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Hundreds gather for Memorial Day Parade

Several hundred veterans and flag-waving spectators gathered indowntown Brookhaven Saturday for the Memorial Day Parade.

Veterans rode along the parade route in 22 World War II-vintagemilitary vehicles while crowds of well-wishers paid tribute to thesacrifices they made.

The vehicles were provided by Deep South Military Vehicles andCoastwatchers, volunteer groups who preserve military vehicles anddonate their time to participate in events honoring veterans.

The parade’s lead vehicle was an empty jeep in honor of thisyear’s two special honorees, said Paul Jackson, an event organizer.The jeep was a tribute to local heroes Danny Entrican, who islisted as missing in action from the Vietnam War, and the lateRobert Peters, who was captured by the Germans during World War IIand kept as a prisoner of war.

“They are the only two local MIAs or POWs I know of,” Jacksonsaid.

The parade paused briefly at the steps of the courthouse for aspecial Memorial Day service. The service began when World War IIveterans Joe Gibson and Jesse Hensarling laid a wreath at the footof the War Memorial. Members of the Mississippi State Guard, avolunteer organization of veterans who serve at armories whenNational Guard units are called into service, ran flags to halfmast in honor of those who died while serving their country. Theservice ended with the haunting notes of “Taps” drifting down thestreets of Brookhaven.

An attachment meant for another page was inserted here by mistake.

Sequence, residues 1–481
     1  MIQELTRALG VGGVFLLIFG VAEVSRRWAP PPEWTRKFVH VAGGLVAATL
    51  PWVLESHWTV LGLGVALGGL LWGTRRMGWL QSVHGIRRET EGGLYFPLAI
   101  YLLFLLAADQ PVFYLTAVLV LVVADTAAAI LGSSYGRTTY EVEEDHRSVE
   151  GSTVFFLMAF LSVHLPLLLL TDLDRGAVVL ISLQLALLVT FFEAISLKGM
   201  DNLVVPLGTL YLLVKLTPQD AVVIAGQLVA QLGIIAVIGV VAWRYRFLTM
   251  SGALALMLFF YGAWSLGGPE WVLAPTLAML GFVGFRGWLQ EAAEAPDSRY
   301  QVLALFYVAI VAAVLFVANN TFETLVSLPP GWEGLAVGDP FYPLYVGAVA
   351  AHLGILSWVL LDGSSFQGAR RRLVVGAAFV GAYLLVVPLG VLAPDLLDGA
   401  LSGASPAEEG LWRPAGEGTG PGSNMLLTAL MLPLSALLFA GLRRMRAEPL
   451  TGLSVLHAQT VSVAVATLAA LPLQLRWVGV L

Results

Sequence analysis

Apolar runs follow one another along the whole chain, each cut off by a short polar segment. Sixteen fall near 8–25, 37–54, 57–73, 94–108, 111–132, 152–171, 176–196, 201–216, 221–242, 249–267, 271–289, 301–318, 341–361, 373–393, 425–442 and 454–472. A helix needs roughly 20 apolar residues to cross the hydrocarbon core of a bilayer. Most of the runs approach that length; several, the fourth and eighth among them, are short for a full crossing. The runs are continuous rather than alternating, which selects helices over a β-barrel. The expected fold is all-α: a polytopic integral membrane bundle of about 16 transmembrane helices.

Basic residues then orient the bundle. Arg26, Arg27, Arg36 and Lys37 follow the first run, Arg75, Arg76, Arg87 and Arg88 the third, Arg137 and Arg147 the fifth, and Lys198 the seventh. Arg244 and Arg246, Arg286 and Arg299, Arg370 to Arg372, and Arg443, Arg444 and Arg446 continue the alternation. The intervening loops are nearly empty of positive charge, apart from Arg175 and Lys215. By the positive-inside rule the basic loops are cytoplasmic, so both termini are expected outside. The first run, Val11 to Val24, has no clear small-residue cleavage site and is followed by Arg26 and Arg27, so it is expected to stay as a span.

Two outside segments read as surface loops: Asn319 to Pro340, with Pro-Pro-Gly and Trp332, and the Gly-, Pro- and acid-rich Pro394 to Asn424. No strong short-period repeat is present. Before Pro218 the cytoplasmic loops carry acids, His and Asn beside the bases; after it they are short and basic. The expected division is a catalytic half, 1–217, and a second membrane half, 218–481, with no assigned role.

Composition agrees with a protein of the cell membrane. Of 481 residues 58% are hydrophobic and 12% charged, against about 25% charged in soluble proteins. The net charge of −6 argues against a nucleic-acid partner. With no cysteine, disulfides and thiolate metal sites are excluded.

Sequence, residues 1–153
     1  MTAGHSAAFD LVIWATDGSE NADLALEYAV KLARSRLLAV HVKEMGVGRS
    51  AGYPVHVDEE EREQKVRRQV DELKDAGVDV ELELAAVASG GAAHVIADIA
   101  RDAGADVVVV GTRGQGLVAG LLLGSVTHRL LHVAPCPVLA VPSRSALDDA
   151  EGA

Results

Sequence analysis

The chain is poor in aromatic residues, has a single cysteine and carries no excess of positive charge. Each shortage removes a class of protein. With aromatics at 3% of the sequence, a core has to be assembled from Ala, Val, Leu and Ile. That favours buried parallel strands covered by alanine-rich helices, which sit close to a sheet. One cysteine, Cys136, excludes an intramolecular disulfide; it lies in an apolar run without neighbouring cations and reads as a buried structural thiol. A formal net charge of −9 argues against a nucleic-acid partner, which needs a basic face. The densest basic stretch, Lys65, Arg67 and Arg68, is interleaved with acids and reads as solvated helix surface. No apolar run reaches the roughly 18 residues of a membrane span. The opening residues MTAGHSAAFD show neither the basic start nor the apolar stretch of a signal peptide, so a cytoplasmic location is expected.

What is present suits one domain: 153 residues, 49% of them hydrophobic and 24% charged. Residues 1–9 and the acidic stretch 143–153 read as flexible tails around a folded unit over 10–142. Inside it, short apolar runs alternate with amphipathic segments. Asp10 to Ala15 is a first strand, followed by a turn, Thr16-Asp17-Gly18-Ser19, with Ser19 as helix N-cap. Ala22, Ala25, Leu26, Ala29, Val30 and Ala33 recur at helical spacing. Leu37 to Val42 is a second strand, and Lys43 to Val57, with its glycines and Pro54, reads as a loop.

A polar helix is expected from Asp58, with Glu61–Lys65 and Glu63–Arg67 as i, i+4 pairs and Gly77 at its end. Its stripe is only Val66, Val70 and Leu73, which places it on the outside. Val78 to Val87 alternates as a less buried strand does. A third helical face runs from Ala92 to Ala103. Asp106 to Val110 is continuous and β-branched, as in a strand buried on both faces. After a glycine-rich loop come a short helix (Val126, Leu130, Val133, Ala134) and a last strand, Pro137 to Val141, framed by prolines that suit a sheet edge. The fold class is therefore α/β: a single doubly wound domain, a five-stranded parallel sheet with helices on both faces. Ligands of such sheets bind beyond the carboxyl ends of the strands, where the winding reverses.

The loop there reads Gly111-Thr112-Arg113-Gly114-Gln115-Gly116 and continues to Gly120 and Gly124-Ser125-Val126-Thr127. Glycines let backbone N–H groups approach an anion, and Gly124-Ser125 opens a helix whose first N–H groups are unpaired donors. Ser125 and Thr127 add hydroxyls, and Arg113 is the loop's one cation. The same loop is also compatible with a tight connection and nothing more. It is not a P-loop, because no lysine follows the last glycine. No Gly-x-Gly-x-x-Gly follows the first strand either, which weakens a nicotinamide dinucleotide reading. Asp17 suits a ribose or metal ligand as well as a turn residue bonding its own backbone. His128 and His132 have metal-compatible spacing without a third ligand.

In deference to the heat, few speeches were made after theparade and those that were given were kept brief.

Brookhaven native Col. Ken Powell, who returned late last yearfrom service in Iraq, saluted veterans both past and present foradhering to their ideals and answering the call of their country.In making the ultimate sacrifice, those men and women ensuredAmerica could continue to be free, Powell said.

Powell also reminded the audience that America is a nation thatis still at war and to remember to honor those soldiers overseastoday fighting to bring democracy and a better life to thousands offormerly oppressed Iraqis.

“It is a war we will win,” he said.

Chad Smith, an event organizer, thanked everyone whoparticipated in the parade or helped see it through tocompletion.

“I’m a very fortunate individual because I get to spend so muchtime with veterans,” Smith said. “It’s quite an honor.”

He also thanked the 54 volunteers who staff the MilitaryMemorial Museum in the old train depot. It is through theirefforts, he said, that the museum can remain open.

Tricia Walker, who’s father was a veteran, said she enjoyed theday’s festivities.

“It was a great tribute to our men who served,” she said.